His flight from Moscow read like a John le Carre spy novel but I never thought we got to read every page. His exotic defector of a companion went on to teach Russian at U of T.
Peter always kept churning out the columns. No matter what else was going on, heart attacks, travelling, holidays, fatigue, the columns poured out.
He once told me that his famous father, Fighting Frank, the general who fathered the tank in the Canadian military, had give him a middle name of Vickers after the dependable machine gun that helped win the Great War more than the belated entry of the Americans.
An apt name! Peter shot out columns like the Vickers poured out millions of bullets without ever seizing up. As someone who has written thousands of columns and editorials, I would estimate that no one in Canada has ever written as many columns as Peter. He was a Niagara Falls of comment.
But migawd he could be difficult . Doug Creighton said he carried around a letter for months firing his friend/partner/confidant. Peter had rebelled against the sale of the Sun and grumbled that we were important to read for comment but not really for news. When Creighton pulled the trigger in the fall of 1984 after Peter had quit as Editor two years earlier in favour of his friend, Barbara Amiel, we had a new publisher just of the flagship Sun, Paul Godfrey.
Godfrey didn't know much about newspapers but he was a quick study and was told within minutes that the firing would hurt circulation. So he and some others gathered around that Friday and persuaded me to phone Creighton at his summer place, Seasons. I told the big boss that everyone knew that Peter could be a horse's ass but he was a great tilter at windmills and readers loved him.
Creighton said I was presuming on my friendship with him, since he had been a mentor, and he yelled a lot and I spluttered even more. He reminded me that I had my own history with Peter where he would call and say that he was going away the next day for some unstated period to some unstated destination and I should write the editorials and edit but, of course, continue to write my daily column.
Peter had been in Egypt sailing the Nile when Creighton walked into his office and asked what I was doing there. Where was Peter? I said he had been away for some time and I thought he was in Egypt. Creighton demanded to know when he was coming back because we're having a board meeting next week. I didn't know. Creighton said he didn't know Peter was away because my editorials now read like his. I wasn't sure he meant it as a compliment but when I told Peter later, he gave me that half grin and didn't say a damn word.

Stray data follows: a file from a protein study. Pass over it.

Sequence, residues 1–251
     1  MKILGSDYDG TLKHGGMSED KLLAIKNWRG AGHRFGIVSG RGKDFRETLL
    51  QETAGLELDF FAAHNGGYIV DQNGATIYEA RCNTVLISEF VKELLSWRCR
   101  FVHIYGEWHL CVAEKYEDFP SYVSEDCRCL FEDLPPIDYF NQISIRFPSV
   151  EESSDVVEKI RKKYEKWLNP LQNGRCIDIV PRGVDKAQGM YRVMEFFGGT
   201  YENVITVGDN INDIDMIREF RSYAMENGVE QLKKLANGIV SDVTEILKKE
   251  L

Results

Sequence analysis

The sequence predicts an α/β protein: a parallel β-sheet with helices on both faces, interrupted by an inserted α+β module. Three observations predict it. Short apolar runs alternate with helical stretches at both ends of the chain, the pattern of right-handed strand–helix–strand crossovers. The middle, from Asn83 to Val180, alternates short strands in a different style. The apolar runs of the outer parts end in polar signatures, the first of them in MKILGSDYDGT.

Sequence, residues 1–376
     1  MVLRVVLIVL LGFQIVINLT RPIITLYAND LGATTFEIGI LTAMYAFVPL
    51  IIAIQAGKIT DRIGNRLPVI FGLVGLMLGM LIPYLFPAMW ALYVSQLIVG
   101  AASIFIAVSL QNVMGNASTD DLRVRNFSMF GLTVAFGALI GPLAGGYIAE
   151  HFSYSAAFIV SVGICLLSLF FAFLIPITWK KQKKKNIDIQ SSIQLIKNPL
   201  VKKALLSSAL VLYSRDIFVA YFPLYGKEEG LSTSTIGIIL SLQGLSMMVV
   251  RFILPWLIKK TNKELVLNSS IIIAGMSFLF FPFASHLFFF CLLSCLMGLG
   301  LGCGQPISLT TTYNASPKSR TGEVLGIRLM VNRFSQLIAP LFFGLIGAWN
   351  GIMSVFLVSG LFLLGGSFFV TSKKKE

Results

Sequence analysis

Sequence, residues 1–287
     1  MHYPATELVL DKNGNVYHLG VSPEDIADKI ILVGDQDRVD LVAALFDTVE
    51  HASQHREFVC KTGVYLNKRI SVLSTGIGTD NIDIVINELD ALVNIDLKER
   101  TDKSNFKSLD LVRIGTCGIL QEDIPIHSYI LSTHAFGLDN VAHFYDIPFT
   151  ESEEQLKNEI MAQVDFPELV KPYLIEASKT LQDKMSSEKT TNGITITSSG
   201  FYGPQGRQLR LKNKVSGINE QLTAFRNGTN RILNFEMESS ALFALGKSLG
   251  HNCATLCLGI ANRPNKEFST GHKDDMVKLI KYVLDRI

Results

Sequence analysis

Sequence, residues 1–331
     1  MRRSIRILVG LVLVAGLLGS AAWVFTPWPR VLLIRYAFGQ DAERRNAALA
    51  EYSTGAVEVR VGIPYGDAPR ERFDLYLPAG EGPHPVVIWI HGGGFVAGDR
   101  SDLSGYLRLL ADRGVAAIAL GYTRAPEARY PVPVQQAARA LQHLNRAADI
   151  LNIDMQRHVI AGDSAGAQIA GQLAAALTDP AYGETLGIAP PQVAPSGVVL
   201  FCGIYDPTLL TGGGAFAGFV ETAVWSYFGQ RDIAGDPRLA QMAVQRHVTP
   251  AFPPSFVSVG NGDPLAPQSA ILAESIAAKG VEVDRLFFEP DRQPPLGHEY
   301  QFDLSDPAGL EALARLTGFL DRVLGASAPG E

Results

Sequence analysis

Several years later, Godfrey kept agitating to get me to ask Creighton to rehire Peter. Doug just waved one hand in dismissal when I made the case. But I think everyone from Creighton to Peter to the Day Oners knew eventually the two would kiss and make up before their next disagreement.
I tried to get Peter back when he started writing for the Financial Post, which the Sun bought, but there was no light in the window of Creighton's office. What happened finally is rather strange, when you sort the variations. Peter told me that he found out that Creighton had made him Editor of the Ottawa Sun when it came over the car radio in 1988 when he and Yvonne were driving in the Maritimes. Except Peter just wrote in his own obit that it was on the Globe's front page. And you never disagree with a guy who writes his own obituary. It is truly the last word!
It was a marvelous stormy relationship between two good entrepeneurs and great journalists. The tempest was reflected on our tabloid pages. At one point, Creighton tired of being worried about what Peter would write next and brought in, to the surprise of everyone, Doug MacFarlane, a formidable editor so famous in the country that he was known by his initials JDM.
Creighton and I had both got promoted when JDM was fired at the Tely by Bassett but we still respected him. I led the Ryerson search committee that brought him in as Journalism chair, and Creighton hired him later to watch Peter.
Peter ended any newsroom talk about his title and JDM's title and who reported to whom by going to the composing room that night and making himself Editor-in-Chief on the formal Masthead and faced down Creighton the next day when he got a half-angry half-laughing lecture,
There's enough material in Peter's life for several movies. Wars and rumours of war. Threats of arrest. Interviewing the legends. Stunts like climbing mountain, walking marathons and the day he dove into the Thames beside the thrashing propellors of the London cruise ship on a dare. He was never happier, as I said on TV, than when he was swimming one way and everyone else was swimming the other. He gloried in being a contrarian, in advising the Leafs, Jays and Argos. He was tear-wrenching when he wrote about his beloved Jack Russells. (And his buddy Donato's cartoon showing his dogs waiting for him in Heaven should bring more tears.) He cared about honest humane organizations protecting animals but even here he demonstrated his cantankerous independence by supporting the seal hunt before he attacked it.
I could go on, and will, any time the conversation over a few cold ones turns to the great people I have known. The movie could be called It's A Wonderful Life, but the great Frank Capra used it first in a 1946 movie. It won a lot of awards, but then so did Peter, because he never did anything average.